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Walter Ernest Wearne Reminiscences

Walter Ernest Wearne Reminiscences are a delightful insight into the humour and good nature of this important man of the past.

Walter Ernest Wearne Reminiscences-Deputy Premier and Minister for Lands. 1867-1931

Walter Ernest Wearne Reminiscences are a delightful insight into the humour and good nature of this important man of the past.

First published in 1930, they remained hidden in history until recently located and are reproduced for the enjoyment of all.


The journalist with the Tingha Advocate and North – Western Journal had written:

Inverell and Bingara – School Days and Early Life

‘During an interesting chat with the Hon. W. E. Wearne, M.L.A., on Saturday whilst the popular member for the Barwon was travelling from Inverell to Bukkulla to officially open the football carnival, a “Times” representative had the pleasure of hearing some of Mr. Wearne’s interesting reminiscences of his early days in Inverell and Bingara and also of his political career.’

Playing the Gallant

When at school at Bingara some 50 years ago, said Mr. Wearne, our teacher, a Mr. Taylor, devised a unique system of teaching the boys to be gallant and to respect the ladies.

Whenever a girl deserved the cane, the teacher used to produce a very formidable looking birch and call upon volunteers from “the ranks of Tuscany” to take the thrashing on behalf of the fair lady in question.

Sometimes it worked and sometimes it did not, it all depended on the lady!

Being an ardent admirer of the fair sex and of one vivacious young lady in particular, who was excelled in being brought before the beak on some harmless escapade, Mr. Wearne took many a thrashing.

Danger ahead

At Inverell, said Mr. Wearne, we had a very stern headmaster known as “Old Mac” who unerringly meted out discipline per medium of “five footer” upon his many delinquents.

Whenever “Old Mac” ran his fingers through his somewhat bristly hair it meant “take care, danger ahead!”

Several years later when he, Mr. Wearne, then Minister for Lands, visited Inverell and was accorded a civic reception, he noticed amongst the large audience the time – worn face of “Old Mac” who in his excitement ran his fingers through his hair which was then almost non – existent.

That action caused a sharp pang of apprehension to the honourable member, who in returning thanks, made special reference to his sterile old headmaster much to that worthy gentleman’s delight.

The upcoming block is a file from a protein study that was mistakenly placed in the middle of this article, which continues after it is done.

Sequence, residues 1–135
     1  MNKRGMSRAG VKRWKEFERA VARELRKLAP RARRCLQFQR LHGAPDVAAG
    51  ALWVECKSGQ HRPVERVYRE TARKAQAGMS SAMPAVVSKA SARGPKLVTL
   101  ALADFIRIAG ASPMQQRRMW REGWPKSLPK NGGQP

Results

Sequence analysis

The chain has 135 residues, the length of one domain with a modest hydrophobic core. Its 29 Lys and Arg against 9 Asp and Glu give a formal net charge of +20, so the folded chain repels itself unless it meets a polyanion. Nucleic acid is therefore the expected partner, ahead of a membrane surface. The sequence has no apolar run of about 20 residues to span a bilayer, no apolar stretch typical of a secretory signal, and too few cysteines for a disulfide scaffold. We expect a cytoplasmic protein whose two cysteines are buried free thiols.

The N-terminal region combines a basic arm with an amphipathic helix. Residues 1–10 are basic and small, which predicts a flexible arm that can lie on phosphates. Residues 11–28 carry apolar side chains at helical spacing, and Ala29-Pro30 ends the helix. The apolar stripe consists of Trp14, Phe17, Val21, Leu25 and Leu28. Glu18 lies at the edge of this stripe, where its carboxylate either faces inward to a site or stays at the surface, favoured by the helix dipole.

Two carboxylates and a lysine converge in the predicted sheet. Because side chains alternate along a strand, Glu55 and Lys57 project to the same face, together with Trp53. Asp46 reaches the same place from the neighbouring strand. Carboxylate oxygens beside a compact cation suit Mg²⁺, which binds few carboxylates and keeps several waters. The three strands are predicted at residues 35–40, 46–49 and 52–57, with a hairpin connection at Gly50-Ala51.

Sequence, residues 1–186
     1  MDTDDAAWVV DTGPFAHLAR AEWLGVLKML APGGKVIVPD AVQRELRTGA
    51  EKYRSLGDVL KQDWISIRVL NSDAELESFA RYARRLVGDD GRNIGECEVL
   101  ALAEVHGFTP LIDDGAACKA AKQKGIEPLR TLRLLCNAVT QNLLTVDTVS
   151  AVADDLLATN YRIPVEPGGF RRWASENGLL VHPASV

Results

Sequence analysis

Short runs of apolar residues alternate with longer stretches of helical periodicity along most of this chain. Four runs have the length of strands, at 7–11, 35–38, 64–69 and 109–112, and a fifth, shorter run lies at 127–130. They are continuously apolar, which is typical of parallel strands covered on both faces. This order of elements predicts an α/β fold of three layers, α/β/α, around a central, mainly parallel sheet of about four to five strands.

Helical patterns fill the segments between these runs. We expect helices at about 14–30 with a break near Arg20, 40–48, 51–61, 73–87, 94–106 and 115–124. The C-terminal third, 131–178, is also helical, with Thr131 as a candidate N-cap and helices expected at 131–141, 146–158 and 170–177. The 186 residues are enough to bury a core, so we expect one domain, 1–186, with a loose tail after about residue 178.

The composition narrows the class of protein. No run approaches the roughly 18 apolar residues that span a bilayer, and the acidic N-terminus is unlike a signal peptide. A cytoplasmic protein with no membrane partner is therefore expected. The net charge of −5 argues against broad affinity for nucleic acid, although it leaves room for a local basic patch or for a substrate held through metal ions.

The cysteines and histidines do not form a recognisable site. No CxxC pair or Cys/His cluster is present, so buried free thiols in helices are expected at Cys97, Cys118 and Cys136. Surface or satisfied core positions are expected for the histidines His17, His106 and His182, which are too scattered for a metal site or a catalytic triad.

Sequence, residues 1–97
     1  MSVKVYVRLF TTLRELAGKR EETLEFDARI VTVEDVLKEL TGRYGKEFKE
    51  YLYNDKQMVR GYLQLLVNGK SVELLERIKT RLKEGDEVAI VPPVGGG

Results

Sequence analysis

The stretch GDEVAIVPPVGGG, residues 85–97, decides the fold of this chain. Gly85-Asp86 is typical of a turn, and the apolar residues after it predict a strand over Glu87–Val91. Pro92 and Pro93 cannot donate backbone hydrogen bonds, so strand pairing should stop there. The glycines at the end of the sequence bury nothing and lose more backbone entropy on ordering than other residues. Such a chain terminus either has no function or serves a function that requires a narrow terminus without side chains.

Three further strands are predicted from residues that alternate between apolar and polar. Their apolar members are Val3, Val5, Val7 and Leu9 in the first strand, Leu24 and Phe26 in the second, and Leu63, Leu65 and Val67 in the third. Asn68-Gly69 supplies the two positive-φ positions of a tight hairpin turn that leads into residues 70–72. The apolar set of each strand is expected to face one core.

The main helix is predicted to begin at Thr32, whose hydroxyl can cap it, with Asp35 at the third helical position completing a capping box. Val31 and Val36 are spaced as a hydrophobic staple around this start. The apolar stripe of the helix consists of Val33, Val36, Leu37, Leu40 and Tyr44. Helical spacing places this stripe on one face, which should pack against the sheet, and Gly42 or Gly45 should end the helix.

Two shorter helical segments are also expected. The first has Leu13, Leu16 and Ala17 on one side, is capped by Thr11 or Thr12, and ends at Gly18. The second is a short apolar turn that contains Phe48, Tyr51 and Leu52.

An old landmark

Many of the younger generation on crossing the Ross Hill Bridge into town have often wondered who owned the old defunct flour mill facing Campbell Street on the banks of the Macintyre, and at what time it was converting the golden grain into flour.

This mill portion of which is now being utilised as a machinery depot was owned by the Ross Estate, and Mr. Wearne’s father, the late Mr. J. T. Wearne, was the miller in charge.

Mr. Wearne came to Inverell as a boy in 1877. Later in 1880 he went to Bingara with his late father, where the Wearne’s built their own mill, and later took up mixed farming and grazing pursuits in that district.

The mill at Bingara ceased to function many years ago. Mr. Wearne finished his schooling at the age of eleven.

In parliament

Mr. Wearne entered Parliament in 1917 as a member for Namoi, having the elections successfully opposed Mr. George Black, the then Chief Secretary, Mr. Holman was then Premier.

Mr. Wearne was chosen to stand for the electorate by the people of the district who offered to pay all expenses in connection with the campaign. Mr. Wearne agreed to stand for election and went to Narrabri where the other delegates had been appointed.

Upon entering Parliament Mr. Wearne formed the first country council in Parliament, a council compromised of all country members on the anti – labour side to the number of 24. (This later was said to be the first “Country Party” – Editor)

The object of this council, which was formed in 1917, was to assist the Government in any way and to further the interests of the country, irrespective of politics. At the next election, the Progressive Party was formed, and Mr. Wearne became the Leader.

In 1922 Labour came into office and was kept there by one vote, that of the speaker (Sir Daniel Levy) who belonged to the anti – labour forces. The Speaker interviewed Mr. Wearne as the Leader of the Country Party and said that if an amicable arrangement was entered into between the two parties (the Progressive Party and the Nationalists) by a majority of one.

 Sir Daniel Levy resigned the Speakership and Sir George Fuller, Leader of the Nationalists, came into office. Labour elected another Speaker from their own party but, being in the minority, was defeated. Sir George Fuller and Mr. Wearne formed a coalition party which was returned with a large majority, and which held office for three years and two months (1922 to 1925)


Source – Tingha Advocate and North – Western Journal (NSW: 1916 – 1932) Friday 16 May 1930, page 4

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